As every English teacher knows, dystopian young adult literature is on fire.
Hunger Games. The Maze Runner. Divergent.
Matched. Uglies. Unwind.
Even older titles, Orson Scott Card’s Ender’s Game (1985) and Lois Lowry’s The Giver (1993), have recently been turned into films, as producers have chosen to strike while the dystopian box office iron is hot.
I’m thrilled that kids are gobbling up these books, but also wonder what’s drawing so many of my students to these dark stories. And, in the classroom, how can I use all of this bubbling enthusiasm for dystopian stories to pull my teens into the meatier literary worlds of writers like Kurt Vonnegut and Ray Bradbury?
After zipping through a half-dozen YA novels in the past few months, here’s my take on the allure:
1. All of these stories present intense, high-stakes scenarios where the protagonist is a triumphant (at least to some degree) underdog. We all love a good hero’s journey story, and many of these plot lines follow Joseph Campbell’s satisfying pattern.
2. These books entertain while posing important questions to readers who are on the cusp of adulthood. Yes, there’s action and adventure (and even a little romance), but there’s also heavy lingering issues that will hopefully cause students to pause and think deeply about the world. What freedoms are they willing to give up for security? How can they please their parents/authorities/community, but still be true to themselves? Is there more good or evil in human nature?
3. We live in a violent world. Watch the evening news and you’ll see that someone was killed in a shooting today. Go through airport security and be reminded that terrorism is a real and constant threat. Attend school on a day of an “intruder alert” drill and watch my students pretend to hide from a pretend school shooter who walks around campus jiggling our locked door knobs. In today’s world, violence and fear are in the air we breathe, so it’s not hard to imagine a Hunger Games scenario (part Gladiator games, part voyeuristic reality T.V. show) becoming part of our world.
4. Most of the stories have, for the most part, a happy ending. Yes, our protagonists are weary and scarred at the end, but there’s usually a hopeful note to leave us feeling the battle was worth fighting. Even in these gray, desolate worlds, there’s still a place for hope, showing that today’s youth may seem cynical but are ultimately optimistic about the future. Our teens believe good will eventually win. I do, too.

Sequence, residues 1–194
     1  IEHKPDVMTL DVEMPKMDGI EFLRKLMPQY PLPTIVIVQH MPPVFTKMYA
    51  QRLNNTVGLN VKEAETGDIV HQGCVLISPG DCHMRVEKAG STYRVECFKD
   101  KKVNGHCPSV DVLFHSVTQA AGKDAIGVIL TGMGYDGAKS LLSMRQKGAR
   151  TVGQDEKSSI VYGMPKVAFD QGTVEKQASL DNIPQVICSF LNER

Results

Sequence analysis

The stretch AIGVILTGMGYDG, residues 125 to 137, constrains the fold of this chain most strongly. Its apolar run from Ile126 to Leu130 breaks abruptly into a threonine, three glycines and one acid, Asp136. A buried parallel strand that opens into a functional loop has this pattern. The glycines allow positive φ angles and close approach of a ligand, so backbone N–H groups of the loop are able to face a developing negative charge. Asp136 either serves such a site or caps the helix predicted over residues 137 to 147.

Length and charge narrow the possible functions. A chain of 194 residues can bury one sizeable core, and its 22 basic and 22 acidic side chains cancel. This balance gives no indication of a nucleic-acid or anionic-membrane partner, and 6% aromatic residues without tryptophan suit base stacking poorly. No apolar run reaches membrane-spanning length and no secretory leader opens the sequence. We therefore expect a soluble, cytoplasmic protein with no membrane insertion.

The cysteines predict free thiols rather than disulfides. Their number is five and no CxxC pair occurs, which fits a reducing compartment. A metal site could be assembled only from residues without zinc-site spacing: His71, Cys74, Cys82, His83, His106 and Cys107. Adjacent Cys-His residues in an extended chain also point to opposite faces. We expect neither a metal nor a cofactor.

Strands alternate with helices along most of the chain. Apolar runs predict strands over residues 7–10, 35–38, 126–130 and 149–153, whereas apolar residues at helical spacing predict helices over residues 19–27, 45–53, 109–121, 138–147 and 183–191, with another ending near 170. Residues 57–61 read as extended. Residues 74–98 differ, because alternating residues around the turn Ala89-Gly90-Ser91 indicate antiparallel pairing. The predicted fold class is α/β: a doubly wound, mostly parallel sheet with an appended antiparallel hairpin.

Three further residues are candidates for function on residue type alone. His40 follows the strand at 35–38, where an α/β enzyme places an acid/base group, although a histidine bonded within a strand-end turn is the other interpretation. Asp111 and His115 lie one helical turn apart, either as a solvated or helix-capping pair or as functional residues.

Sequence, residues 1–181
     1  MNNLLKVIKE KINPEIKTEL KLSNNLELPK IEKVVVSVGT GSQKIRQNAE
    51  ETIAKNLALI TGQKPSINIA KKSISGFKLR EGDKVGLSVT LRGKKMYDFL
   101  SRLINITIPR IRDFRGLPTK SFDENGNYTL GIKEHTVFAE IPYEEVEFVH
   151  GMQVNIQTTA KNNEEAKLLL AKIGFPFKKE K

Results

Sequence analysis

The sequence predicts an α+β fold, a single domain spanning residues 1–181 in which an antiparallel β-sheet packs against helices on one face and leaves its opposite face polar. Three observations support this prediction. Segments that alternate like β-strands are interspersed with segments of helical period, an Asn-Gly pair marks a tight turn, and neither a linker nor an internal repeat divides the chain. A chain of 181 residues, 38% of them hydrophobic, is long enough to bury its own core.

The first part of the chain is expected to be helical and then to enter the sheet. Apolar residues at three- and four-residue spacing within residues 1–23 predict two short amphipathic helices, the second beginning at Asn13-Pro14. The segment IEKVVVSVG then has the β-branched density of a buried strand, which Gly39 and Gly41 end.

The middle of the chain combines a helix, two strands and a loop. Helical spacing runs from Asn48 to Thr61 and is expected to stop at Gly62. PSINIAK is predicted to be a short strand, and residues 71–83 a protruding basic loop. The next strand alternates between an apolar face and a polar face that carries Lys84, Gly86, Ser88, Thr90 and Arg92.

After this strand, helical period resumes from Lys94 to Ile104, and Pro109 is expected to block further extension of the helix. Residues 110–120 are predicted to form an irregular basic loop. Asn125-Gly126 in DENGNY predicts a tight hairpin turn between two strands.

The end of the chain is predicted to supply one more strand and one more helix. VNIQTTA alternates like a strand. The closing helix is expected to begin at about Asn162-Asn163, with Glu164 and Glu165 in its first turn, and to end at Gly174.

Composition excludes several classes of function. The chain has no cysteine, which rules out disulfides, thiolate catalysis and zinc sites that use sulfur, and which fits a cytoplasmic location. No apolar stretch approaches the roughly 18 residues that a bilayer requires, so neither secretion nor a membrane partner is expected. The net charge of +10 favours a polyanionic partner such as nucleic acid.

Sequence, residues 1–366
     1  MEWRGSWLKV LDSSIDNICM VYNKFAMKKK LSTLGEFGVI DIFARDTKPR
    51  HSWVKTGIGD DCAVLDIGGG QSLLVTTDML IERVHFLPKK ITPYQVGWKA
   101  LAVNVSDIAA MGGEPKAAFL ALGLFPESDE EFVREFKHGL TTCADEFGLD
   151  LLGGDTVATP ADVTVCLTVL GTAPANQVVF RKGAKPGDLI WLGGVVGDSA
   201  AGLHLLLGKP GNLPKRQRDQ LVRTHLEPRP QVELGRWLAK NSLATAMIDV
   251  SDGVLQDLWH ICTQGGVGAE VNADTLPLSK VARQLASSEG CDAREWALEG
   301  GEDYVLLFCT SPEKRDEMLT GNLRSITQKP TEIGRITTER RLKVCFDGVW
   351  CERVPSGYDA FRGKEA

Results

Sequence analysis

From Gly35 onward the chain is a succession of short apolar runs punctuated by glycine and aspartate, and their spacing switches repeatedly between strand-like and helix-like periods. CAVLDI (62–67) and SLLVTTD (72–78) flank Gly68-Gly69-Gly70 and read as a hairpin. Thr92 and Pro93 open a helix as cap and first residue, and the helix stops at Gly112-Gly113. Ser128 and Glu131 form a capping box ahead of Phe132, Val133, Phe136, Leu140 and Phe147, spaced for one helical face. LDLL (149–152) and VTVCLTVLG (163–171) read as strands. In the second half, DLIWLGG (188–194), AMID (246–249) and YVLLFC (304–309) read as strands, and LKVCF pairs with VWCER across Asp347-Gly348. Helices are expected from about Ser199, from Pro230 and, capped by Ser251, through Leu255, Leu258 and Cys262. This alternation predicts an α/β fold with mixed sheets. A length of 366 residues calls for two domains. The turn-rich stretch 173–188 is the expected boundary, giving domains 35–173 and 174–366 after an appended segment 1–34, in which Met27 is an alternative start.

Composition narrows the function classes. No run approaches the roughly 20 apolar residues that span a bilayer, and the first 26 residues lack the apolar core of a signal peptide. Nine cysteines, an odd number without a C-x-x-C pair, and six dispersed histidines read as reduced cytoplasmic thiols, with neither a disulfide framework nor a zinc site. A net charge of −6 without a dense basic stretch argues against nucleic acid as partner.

5. Finally, it can’t be ignored that many students feel overly monitored and stifled by their parents, teachers, and even their own peers. Often, teens fear that the old saying, “The nail that sticks out gets hammered down,” is true. So, they go through the motions of modern life, never really believing in the system yet never having the courage to change the system. These books appeal to the idea that the “good life” being touted by authorities is really a sham. And while these books are critical of government, there’s also a buoyant belief in the power of the individual to be a catalyst for change.
When I spot students who are fans of this genre, I’ll casually ask guiding questions, having them identify themes in the popular titles they’re reading. It doesn’t take long before a conversational door opens that reveals a parallel theme found in Ray Bradbury’s Fahrenheit 451, Aldous Huxley’s Brave New World, or Anthony Burgess’ A Clockwork Orange.
If your young readers aren’t yet ready for the challenge of an adult dystopian novel, a perfect bridge between YA and adult titles is Kurt Vonnegut Jr.’s chilling futuristic short story, “Harrison Bergeron,” featuring a heroic teen rebel and a disturbingly dark ending. With this story I use an informal quickwrite topic, online multimedia links, and handouts featuring depth-of-knowledge questions requiring students to analyze the text as well as make modern connections to Vonnegut’s story. Click here to take a closer look at my two-day lesson plan.
The Giver, Official Trailer:
Ender’s Game, Official Trailer: